Goodwill can disappear remarkably quickly in football, and in an isolated city like Newcastle, momentum is key.
Newcastle, the team, like the city, are leaking confidence. Alan Pardew, for perhaps the first time, has to stabilise and take control but the news late on Saturday night, that Yohan Cabaye could be missing for the rest of this year, will fall like another hammerblow on a campaign that is turning into one of consolidation.
It is an ideology, at least in a supporter's mind, that does not follow a fifth-placed finish, and after Saturday's 2-1 home defeat by Swansea, Pardew has little room to manoeuvre.
The Europa League has stretched his squad but of more significance has been the debilitating cost of injury and suspension. Key players have been missed – Chieck Tiote, Tim Krul and Fabricio Coloccini are hugely influential and the team has suffered in their absence.
The decision not to strengthen the squad in the summer, save the signing of Vurnon Anita, was misguided and naive.
Without players such as Coloccini, Cabaye, Jonas Gutierrez and Papiss Cissé, as Newcastle were on Saturday, the squad looks light. Against West Ham last week, Pardew said his team were weak. Against Swansea they were outpassed. Two defeats in a week, at home, provokes serious soul-searching in these parts.
Pardew was asked if the message was not to panic. "It is important we keep the ethic in the group we showed today and if you work hard enough, you get a result," he said. "It is obvious we need a result in the Premier League so we are trying to keep a calm head here. We have two tough away games [against Southampton and Stoke], but there is no reason we can't win them.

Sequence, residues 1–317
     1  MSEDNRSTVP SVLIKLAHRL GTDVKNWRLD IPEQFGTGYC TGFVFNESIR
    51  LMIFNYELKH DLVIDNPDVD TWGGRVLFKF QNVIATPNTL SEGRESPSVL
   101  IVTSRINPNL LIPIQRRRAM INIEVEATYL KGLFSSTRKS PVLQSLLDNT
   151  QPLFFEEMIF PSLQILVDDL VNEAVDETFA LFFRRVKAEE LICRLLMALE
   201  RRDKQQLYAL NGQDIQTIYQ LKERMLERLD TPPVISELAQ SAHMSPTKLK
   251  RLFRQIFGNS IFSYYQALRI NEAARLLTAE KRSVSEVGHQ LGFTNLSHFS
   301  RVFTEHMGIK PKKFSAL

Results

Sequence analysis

"We are having a second opinion on whether he [Cabaye] needs an operation on his groin, so that could be bad news, possibly six weeks.
"We are as stretched as we have ever been since I have been here. I just said to the doctor I hope we have a clean bill of health and thankfully we have. We need our best players back. I am not going to fault the development of these young players or criticise them in any way. It is a learning curve."
A steep one. Mike Williamson, the Newcastle central defender spoke of a team meeting last week. "Everyone put their thoughts across and it's just about continuing to work hard and carrying on and sticking together as a group," he said.
"Everyone will go through tough periods in a season and this one is ours. It's time to dig deep, you know, show our character, work hard on the training ground."
Saturday will not have helped, when Newcastle were second best in most areas of the pitch. Swansea were slick, quick on the break, and by the finish, overflowing with confidence. Pablo Hernandez was excellent, as was Michu, and in midfield, Leon Britton dictated the game's pace. Michu scored the first, Jonathan de Guzman the second. Demba Ba scored what was a scant consolation late on.